Depending upon an author’s needs and goals, the agent may suggest submitting a particular book to a traditional house—or to a hybrid self-publishing house—giving clients a range of publishing options they would never have on their own. An agent may also sell foreign and subsidiary rights—e.g., film and audio—for books indie authors have published on their own. Because they’re familiar with the industry, agents can also help their clients to build their platform and broaden their fan base.
If you decide to work with an agent, be sure to choose carefully. Don’t just sign with the first agent willing to take you on. Not all agents are equal. As with any industry, people sometimes misrepresent themselves. Or your personalities may clash. Before signing with anyone, do your homework. Ask questions; be as discerning as you’d be if you planned to publish traditionally. Does the agent you’re considering belong to the Association of Author Representatives? Ask for specific info on fees, and find out exactly what the agent offers in terms of services. If possible, talk with other clients.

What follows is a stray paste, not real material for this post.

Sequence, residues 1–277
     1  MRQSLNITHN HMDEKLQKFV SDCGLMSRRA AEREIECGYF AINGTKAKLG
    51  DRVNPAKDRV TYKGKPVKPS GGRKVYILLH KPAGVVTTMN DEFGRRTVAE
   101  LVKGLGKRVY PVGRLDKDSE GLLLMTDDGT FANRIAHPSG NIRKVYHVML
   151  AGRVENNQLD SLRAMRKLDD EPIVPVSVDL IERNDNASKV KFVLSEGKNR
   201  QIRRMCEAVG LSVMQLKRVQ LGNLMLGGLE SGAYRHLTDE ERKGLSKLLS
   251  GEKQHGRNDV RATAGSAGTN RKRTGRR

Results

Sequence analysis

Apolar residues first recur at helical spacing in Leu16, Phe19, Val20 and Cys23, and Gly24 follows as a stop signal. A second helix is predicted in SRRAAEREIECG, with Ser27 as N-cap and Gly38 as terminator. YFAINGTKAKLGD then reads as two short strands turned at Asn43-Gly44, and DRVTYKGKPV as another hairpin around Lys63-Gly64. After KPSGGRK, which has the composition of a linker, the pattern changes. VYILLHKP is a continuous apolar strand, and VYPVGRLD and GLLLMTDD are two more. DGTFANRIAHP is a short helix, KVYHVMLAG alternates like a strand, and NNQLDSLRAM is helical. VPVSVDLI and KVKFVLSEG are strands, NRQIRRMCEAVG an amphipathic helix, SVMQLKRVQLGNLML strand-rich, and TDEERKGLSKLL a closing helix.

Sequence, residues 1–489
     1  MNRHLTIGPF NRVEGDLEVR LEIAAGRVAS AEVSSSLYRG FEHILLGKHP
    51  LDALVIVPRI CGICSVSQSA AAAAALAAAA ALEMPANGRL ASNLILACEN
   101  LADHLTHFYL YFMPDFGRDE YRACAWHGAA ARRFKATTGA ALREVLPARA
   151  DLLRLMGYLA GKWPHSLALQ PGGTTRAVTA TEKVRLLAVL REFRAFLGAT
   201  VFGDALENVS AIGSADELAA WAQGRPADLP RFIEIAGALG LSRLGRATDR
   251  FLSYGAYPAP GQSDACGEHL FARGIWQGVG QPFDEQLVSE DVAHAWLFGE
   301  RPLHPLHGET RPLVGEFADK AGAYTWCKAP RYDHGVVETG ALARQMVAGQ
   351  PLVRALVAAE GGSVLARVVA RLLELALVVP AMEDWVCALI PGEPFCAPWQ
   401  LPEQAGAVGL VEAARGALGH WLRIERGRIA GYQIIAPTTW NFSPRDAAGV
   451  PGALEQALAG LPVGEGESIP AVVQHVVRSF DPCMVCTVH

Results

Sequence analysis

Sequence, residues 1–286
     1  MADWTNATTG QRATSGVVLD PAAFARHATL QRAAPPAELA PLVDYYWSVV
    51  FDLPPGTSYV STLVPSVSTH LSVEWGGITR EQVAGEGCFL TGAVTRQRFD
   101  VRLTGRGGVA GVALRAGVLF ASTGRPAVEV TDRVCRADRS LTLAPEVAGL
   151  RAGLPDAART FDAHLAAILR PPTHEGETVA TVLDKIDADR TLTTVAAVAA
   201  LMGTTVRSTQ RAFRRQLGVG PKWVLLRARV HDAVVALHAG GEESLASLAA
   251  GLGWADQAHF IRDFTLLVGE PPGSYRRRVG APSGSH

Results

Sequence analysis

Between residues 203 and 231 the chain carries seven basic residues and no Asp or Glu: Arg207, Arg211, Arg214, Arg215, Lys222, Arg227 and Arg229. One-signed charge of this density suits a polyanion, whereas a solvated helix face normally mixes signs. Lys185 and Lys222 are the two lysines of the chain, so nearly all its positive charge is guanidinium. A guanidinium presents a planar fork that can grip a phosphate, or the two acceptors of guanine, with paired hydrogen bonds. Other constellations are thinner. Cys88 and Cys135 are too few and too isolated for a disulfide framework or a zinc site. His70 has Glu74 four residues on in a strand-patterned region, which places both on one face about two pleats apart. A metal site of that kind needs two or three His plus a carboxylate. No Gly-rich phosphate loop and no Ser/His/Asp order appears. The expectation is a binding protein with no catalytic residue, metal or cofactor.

As more authors work with publishing pros, as choices abound and possibilities increase, the lines between traditional and self-publishers are closing. Soon, it will no longer matter how a book came into the world. Then there will be only one question: Is this a good book?
“It’s the very best time to be a writer!” says Laurie McLean, Senior Agent with Larsen Pomada Literary Agents in San Francisco.
The very best time indeed!
These three successful, forward-thinking agents all work with self-publishers. Here, in their words, is a basic rundown of what they do, along with links telling how to submit.
April Eberhardt, April Eberhardt Literary
April Eberhardt Literary, an author advocate and literary change agent, works with authors who wish to self-publish, guiding them through the morass of choices to identify the methods best for each individual author. In the belief that the only way to rid self-publishing of its stigma is to raise the bar high, April advocates self-publishing, done right, assisting authors to produce an impeccably edited, professionally designed and perfectly presented book.